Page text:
Presentation on theme: "One gland of the endocrine system is the hypothalamus. Its hormones are released from the posterior pituitary and hormones that regulate the anterior."— Presentation transcript:
One gland of the endocrine system is the hypothalamus. Its hormones are released from the posterior pituitary and hormones that regulate the anterior pituitary. The Posterior Pituitary gland releases neuro-hormones made in the hypothalamus. Hormones involved with this gland include oxytocin and the antidiuretic hormone. Their chemical classes are both peptides. Oxytocin stimulates contraction of the uterus and mammalian glands. It is regulated by the nervous system. Antidiuretic hormone promotes retention of water by the kidneys and is regulated by water/salt balance.
The Anterior Pituitary Gland deals with different hormones. First there is the growth hormone and its chemical class is a protein. It stimulates growth and metabolic functions. It is regulated by the hypothalamus hormones. Prolactin is the next protein which stimulates milk production and secretion and is regulated by the hypothalamic hormones. The Follicle stimulation hormone is next. It is a glycoprotein regulated by hypothalamic hormones and stimulates the production of ova and sperm. Another glycoprotein regulated by hypothalamic hormones stimulating the ovaries and testes is called the Luteinizing hormone. A third glycoprotein includes the thyroid stimulating hormone which stimulates the thyroid gland and is regulated by thyroxine in the blood and hypothalamic hormones. Lastly, the Adrenocorticotropic hormone is regulated by glucocorticoids and hypothalamic hormones. It is a peptide, stimulating the adrenal cortex to secrete glucocorticoids.
The thyroid gland deals with the triiodothyronine and thyroxine hormones. They are amines which stimulate and maintain metabolic processes and are regulated by TSH. The thyroid gland also deals with Calcitonin which is a peptide regulated by calcium in blood and lowers the blood calcium levels. The Parathyroid hormone is a peptide raising blood calcium levels and is regulated by calcium in the blood. The pancreas deals with insulin and glucagon which are both proteins. Insulin lowers blood glucose levels while glucagon does the opposite. They are both regulated by glucose in the blood.
The Adrenal Glands consist of the Adrenal Medulla and Cortex. The Adrenal Medulla deals with the hormones Epinephrine and Norepinephrine. They are both amines which raise blood glucose levels, increase metabolic activities and constrict certain blood vessels. They are regulated by the nervous system. The Adrenal Cortex deals with the hormones glucocorticoids and mineralocorticoids. Both are steroids regulated by ACTH and K+ in the blood. Glucocorticoids raises blood glucose levels. Mineralocorticoids promote reabsorption of Na+ and excretion of K+ in the kidneys.
The Gonads consist of the Testes and Ovaries. The Testes deal with the hormone androgens which is a steroid. Regulated by FSH and LH, they support sperm formation and promote development and maintenance of male secondary sex characteristics. The Ovaries consist of the hormones estrogen and progesterone. They are both steroids and are regulated by FSH and LH. Estrogen stimulates uterine lining growth and promotes development and maintenance of female secondary characteristics. Progesterone promotes uterine lining growth.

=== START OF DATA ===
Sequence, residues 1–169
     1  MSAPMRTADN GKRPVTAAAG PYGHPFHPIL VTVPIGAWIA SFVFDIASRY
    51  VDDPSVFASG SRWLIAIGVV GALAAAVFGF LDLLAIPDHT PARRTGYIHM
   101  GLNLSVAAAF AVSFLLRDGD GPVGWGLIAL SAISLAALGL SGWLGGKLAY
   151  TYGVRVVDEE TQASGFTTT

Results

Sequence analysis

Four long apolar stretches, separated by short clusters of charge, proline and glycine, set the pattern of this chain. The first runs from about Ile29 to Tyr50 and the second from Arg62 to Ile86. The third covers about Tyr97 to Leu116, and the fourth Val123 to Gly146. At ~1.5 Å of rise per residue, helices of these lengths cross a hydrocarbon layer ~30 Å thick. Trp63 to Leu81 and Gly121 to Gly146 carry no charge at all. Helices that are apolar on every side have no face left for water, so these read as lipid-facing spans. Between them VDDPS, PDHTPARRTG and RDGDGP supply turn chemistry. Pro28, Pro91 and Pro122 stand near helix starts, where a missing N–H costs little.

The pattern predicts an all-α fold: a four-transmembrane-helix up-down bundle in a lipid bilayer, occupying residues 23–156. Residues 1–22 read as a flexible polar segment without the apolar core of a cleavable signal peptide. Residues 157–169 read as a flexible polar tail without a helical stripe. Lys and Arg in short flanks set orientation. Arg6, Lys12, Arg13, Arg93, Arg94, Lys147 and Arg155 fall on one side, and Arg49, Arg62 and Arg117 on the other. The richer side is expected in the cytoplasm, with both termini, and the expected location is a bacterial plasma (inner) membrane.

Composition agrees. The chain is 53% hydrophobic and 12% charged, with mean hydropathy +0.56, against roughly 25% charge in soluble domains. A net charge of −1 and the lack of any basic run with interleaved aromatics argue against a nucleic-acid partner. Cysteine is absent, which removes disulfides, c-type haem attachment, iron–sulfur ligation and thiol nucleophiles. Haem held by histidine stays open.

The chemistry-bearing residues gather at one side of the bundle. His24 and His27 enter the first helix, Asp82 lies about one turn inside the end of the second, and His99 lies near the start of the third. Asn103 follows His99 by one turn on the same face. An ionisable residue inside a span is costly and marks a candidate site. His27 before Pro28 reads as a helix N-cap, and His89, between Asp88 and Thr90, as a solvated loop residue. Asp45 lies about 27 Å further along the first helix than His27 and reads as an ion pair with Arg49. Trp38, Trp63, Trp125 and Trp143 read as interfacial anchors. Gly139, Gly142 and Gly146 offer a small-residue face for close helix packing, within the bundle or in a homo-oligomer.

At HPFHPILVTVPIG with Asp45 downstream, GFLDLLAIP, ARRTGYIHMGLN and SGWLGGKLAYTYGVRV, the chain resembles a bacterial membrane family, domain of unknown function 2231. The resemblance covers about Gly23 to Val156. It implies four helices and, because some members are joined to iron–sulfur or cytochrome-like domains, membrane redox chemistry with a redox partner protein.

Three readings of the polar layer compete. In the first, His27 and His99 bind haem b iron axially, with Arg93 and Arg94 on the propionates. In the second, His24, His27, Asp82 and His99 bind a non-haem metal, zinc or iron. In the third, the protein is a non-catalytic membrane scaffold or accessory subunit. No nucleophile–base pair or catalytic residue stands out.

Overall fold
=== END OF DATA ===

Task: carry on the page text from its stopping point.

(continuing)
The Pineal Gland deals with the hormone Melatonin, regulated by light/dark cycles and is an amine. It is involved in biological rhythms.
The job of the male reproductive organs are: To produce, maintain and transport sperm (the male reproductive cells) and protective fluid (semen) To discharge sperm within the female reproductive tract To produce and secrete male sex hormones.
The penis is the male organ for sexual intercourse. It has three parts: the root, which attaches to the wall of the abdomen; the shaft; and the glans, which is the cone- shaped end of the penis. The glans, which is called the head of the penis, is covered with a loose layer of skin called foreskin. The opening of the urethra, the tube that transports semen and urine, is at the tip of the glans penis. The penis also contains a number of sensitive nerve endings. The body of the penis is cylindrical in shape and consists of three internal chambers. These chambers are made up of special, sponge- like erectile tissue. This tissue contains thousands of large spaces that fill with blood when the man is sexually aroused. As the penis fills with blood, it becomes rigid and erect, which allows for penetration during sexual intercourse. The skin of the penis is loose and elastic to accommodate changes in penis size during an erection.
Semen, which contains sperm, is expelled (ejaculated) through the end of the penis when the man reaches sexual climax (orgasm). When the penis is erect, the flow of urine is blocked from the urethra, allowing only semen to be ejaculated at orgasm.
The scrotum is the loose pouch-like sac of skin that hangs behind the penis. It contains the testicles (also called testes), as well as many nerves and blood vessels. The scrotum has a protective function and acts as a climate control system for the testes. For normal sperm development, the testes must be at a temperature slightly cooler than the body temperature. Special muscles in the wall of the scrotum allow it to contract and relax, moving the testicles closer to the body for warmth and protection or farther away from the body to cool the temperature. The testes are oval organs about the size of large olives that lie in the scrotum, secured at either end by a structure called the spermatic cord. Most men have two testes. The testes are responsible for making testosterone, the primary male sex hormone, and for generating sperm. Within the testes are coiled masses of tubes called seminiferous tubules. These tubules are responsible for producing the sperm cells through a process called spermatogenesis.
The epididymis is a long, coiled tube that rests on the backside of each testicle. It functions in the transport and storage of the sperm cells that are produced in the testes. It also is the job of the epididymis to bring the sperm to maturity, since the sperm that emerge from the testes are immature and incapable of fertilization. During sexual arousal, contractions force the sperm into the vas deferens.
Vas deferens — The vas deferens is a long, muscular tube that travels from the epididymis into the pelvic cavity, to just behind the bladder. The vas deferens transports mature sperm to the urethra in preparation for ejaculation. Ejaculatory ducts — These are formed by the fusion of the vas deferens and the seminal vesicles. The ejaculatory ducts empty into the urethra. Urethra — The urethra is the tube that carries urine from the bladder to outside of the body. In males, it has the additional function of expelling (ejaculating) semen when the man reaches orgasm. When the penis is erect during sex, the flow of urine is blocked from the urethra, allowing only semen to be ejaculated at orgasm.